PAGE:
An overview of some important Cisco IOS configuration statements.
- session-timeout versus exec-timeout
- session-timeout: This command sets the interval that the Cisco IOS software waits for traffic before closing the connection to a remote computer and returning the terminal to an idle state. The default interval is zero, indicating the device maintains the connection indefinitely.
- exec-timeout: To configure the length of time that an inactive Telnet or SSH session remains open, use the exec-timeout global configuration command.
In short, "session-timeout" is for sessions originated out from this VTY, while "exec-timeout" is for EXEC sessions started when someone logs into this VTY.
- NTP configuration
Once a router's clock is synchronized to an NTP source or configured to serve as a master, it will, in turn, act as an NTP server to any system that requests synchronization. It is important to use authentication and access lists to avoid providing time synchronization service to the entire Internet.
The ntp disable command can be used on a per-interface basis. When applied to an interface, the command keeps the interface from acting as an NTP server, but still allows it to serve as an NTP client. This is the recommended configuration for external interfaces.
For additional security, you can configure your NTP servers and clients to use authentication. Cisco routers support only MD5 authentication for NTP. To enable a router to do NTP authentication:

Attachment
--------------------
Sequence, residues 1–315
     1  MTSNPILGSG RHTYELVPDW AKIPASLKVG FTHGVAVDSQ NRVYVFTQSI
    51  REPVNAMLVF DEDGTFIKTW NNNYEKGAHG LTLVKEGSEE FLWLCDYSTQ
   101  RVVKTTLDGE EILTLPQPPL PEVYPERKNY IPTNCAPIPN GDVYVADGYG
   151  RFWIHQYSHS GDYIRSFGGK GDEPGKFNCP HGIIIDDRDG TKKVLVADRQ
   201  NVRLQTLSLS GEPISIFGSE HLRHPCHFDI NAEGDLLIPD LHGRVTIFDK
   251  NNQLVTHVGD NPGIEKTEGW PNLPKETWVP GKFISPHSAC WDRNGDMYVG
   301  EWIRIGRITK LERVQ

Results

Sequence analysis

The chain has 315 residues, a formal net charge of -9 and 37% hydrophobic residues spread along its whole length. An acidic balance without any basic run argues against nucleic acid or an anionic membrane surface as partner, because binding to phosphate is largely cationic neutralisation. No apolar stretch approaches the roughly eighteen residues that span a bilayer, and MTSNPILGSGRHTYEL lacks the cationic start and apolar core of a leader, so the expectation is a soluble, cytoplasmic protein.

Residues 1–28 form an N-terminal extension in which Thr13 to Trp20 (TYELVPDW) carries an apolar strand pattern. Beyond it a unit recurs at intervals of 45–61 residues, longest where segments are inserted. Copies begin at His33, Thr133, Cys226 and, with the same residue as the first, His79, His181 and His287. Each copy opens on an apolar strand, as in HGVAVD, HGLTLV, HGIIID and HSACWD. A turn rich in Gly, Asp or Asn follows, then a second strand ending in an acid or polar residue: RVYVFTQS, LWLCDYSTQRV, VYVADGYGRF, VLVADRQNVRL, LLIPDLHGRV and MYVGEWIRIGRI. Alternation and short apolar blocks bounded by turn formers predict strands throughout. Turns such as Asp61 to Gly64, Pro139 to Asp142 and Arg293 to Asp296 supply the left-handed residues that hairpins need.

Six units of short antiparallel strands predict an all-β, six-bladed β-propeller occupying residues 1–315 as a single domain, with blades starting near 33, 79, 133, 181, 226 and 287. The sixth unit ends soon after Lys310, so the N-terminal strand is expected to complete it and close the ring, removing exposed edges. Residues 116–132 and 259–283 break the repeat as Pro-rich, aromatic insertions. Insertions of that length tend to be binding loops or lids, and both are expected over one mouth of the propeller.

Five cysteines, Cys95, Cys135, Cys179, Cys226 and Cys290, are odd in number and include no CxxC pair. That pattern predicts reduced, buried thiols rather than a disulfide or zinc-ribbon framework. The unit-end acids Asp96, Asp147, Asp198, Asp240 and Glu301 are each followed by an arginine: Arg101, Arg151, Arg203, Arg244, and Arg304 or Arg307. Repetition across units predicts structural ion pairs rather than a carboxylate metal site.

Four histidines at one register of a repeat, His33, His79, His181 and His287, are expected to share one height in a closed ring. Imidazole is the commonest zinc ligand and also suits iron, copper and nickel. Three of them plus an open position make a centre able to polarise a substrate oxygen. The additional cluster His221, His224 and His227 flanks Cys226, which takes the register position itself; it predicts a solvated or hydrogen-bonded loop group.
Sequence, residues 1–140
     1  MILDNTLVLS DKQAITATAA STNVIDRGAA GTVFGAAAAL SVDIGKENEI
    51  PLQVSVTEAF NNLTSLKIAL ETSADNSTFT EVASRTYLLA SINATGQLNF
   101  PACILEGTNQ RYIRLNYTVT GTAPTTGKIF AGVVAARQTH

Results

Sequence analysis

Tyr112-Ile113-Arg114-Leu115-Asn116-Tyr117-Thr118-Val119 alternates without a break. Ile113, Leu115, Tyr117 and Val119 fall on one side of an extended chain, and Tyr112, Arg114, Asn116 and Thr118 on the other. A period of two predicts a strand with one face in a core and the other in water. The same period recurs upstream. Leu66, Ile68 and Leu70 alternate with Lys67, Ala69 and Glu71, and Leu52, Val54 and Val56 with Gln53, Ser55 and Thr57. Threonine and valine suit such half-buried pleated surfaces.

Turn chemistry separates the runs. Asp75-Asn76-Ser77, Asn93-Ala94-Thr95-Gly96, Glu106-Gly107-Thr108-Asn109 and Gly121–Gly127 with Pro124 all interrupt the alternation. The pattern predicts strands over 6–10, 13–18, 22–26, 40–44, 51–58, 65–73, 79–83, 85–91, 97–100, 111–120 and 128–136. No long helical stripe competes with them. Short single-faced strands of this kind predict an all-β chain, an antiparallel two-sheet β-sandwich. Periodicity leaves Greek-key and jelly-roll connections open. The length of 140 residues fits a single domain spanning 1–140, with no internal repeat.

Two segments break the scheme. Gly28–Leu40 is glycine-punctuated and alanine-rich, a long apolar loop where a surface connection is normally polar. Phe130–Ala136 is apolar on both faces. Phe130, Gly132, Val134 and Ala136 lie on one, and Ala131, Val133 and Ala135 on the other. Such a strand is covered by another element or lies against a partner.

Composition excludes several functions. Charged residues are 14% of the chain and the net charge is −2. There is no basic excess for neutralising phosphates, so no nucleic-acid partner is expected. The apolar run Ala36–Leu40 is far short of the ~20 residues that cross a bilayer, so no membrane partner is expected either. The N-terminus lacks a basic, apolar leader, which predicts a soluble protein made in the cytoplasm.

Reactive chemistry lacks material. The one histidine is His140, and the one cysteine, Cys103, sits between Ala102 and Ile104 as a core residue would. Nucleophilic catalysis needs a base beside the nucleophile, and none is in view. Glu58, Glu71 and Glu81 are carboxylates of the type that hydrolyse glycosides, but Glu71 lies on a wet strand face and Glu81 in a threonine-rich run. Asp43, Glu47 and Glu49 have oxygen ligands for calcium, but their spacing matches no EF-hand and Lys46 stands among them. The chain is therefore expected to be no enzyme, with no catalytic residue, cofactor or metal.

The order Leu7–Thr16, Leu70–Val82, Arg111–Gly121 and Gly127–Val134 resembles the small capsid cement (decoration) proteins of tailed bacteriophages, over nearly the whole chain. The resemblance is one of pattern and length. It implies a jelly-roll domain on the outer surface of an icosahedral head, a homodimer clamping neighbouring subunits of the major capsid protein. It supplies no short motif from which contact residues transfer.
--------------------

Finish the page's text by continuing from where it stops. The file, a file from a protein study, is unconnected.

- Enable NTP authentication with the ntp authenticate command.
- Define an NTP authentication key with the ntp authentication-key command. A unique number identifies each NTP key. This number is the first argument to the ntp authentication-key command.
- Use the ntp trusted-key command to tell the router which keys are valid for authentication. The ntp trusted-key command's only argument is the number of the key defined in the previous step.
WARNING: Configuring NTP authentication does not require all clients to use NTP authentication; it enables clients to use authentication. Your router will still respond to unauthenticated requests, so be sure to use ACLs to limit NTP access.
If your external NTP servers require authentication, you need to configure your router to use authentication when contacting those servers. To do this, perform the same steps listed previously to add an NTP authentication key; then use the ntp server command with the key argument to tell the router what key to use when authenticating with the NTP server, e.g.
ntp server 220.127.116.11 key 11
- bootp service
bootp is enabled by default, and if it is not used, it should be disabled. The service is disabled when the configuration contains the following line:
no ip bootp server
The Cisco Discovery Protocol (CDP) is enabled by default, and it is recommend to disable this service on the router globally. Search for the command
no cdp runwithin the configuration file to see whether CDP has been disabled globally.
CDP can also be disabled on a per-interface basis. Search for the command
no cdp enablein the configuration of an interface to see whether CDP was disabled for a particular interface.
- ip classless